Blurring borders, millions in India and world celebrate yoga power

 

Prime Minister Narendra Modi participates in the mass yoga demonstration at Rajpath on the occasion of International Yoga Day, in New Delhi on June 21, 2015.

As night melted into the first glimmer of sunlight, all roads in New Delhi led to the majestic Rajpath area of the capital, as more than 37,000 people gathered around the venue to commemorate the first International Day of Yoga. It’s not just the capital Delhi which celebrated the power of yoga to transform one’s life, but across India and the world millions of celebrants of this ancient Indian practice of yoking body, mind and spirit joined in this collective rite, blurring borders and ideologies.

India’s Prime Minister Narendra Modi, who had only a few months ago called for observing a Day of Yoga at the UN General Assembly, led the celebrations, performing several yogic ‘asanas’ (postures). Wearing his trademark kurta-pyjama and matching them with a white tracksuit and a scarf with the colours of the Indian flag, the Indian leader took part in synchronised yogic exercise and pranayams.

Addressing the congregation, Mr Modi underlined the universal character of yoga, elevating it above politics and partisan rhetoric that had threated to spoil what is clearly not just India’s heritage, but that of the entire humankind. “This is a programme for ‘manav kalyan’ (welfare of manking), a tension-free world and a programme to spread the message of ‘sadbhavana’ (goodwill).”

“Yoga is more than only physical fitness. We are not only celebrating a day but we are training the human mind to begin a new era of peace,” he said in a messianic tone.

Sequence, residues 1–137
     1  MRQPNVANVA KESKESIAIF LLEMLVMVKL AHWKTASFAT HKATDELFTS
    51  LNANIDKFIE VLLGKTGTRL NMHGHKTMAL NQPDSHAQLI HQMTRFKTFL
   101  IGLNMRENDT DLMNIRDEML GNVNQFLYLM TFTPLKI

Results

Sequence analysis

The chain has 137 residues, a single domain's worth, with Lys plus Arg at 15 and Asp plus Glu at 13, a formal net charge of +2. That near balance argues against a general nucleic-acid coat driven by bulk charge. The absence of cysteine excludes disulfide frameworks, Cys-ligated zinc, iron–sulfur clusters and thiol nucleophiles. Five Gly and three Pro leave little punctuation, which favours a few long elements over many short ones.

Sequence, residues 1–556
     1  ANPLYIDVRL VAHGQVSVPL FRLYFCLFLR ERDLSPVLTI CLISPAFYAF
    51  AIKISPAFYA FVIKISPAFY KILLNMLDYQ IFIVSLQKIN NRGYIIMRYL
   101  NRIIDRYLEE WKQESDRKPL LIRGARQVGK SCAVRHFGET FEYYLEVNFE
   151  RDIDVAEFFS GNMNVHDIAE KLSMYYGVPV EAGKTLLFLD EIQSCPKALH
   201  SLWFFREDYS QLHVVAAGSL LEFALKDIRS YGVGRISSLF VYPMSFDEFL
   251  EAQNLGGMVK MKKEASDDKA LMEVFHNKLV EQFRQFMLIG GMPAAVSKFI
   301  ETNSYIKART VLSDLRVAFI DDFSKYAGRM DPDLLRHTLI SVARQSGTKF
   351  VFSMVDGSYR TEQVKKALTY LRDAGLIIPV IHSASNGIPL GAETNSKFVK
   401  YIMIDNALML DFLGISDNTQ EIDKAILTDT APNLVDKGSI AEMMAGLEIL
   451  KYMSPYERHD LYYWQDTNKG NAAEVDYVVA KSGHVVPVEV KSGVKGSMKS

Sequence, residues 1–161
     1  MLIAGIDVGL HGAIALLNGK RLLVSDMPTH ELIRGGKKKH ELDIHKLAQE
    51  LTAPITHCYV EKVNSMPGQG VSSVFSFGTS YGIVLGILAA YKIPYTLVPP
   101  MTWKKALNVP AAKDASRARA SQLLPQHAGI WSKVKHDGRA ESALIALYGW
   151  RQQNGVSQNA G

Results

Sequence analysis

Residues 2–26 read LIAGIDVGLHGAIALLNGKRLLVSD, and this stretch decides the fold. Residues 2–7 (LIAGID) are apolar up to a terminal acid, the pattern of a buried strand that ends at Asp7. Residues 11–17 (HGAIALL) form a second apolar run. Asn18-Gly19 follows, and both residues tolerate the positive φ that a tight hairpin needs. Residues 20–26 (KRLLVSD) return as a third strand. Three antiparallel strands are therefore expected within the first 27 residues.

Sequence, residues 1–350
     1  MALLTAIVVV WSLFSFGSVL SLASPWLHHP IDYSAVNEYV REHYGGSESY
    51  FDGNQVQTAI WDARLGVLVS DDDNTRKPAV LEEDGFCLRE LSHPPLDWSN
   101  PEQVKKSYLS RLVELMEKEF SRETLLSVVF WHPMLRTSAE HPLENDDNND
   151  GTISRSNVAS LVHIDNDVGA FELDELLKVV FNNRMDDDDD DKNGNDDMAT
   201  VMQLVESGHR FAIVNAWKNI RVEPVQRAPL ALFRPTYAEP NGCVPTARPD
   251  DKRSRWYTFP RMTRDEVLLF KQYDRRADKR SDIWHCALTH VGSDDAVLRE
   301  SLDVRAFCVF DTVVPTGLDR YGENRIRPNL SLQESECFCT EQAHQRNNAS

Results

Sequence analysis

Mr Modi underlined the need of human development and said that it was essential to spread the massage of love and wellbeing, and yoga was one of the only ways to benefit the humankind; their minds and their souls.

He also thanked the United Nations and t 177 different countries across the world that co-sponsored the resolution to mark the International Day of Yoga.

The International Day of Yoga event, organised in the Indian capital, broke the Guinness world record for gathering the largest number of people at a yoga event, which was earlier held by Vivekananda Kendra in Gwalior, where 29,973 people had participated in a yoga event on November 29, 2005.

[youtube id=”DEwqGl0REXM”]Several world leaders commemorated the International Day of Yoga, including Australia’s Prime Minister Tony Abbott. “For thousands of years, yoga has provided its followers with a guide to bringing their mind, body and spirit into balance. The International Day of Yoga is an opportunity to deepen our understanding of the benefits of yoga,” said Mr Abbott.

 

 

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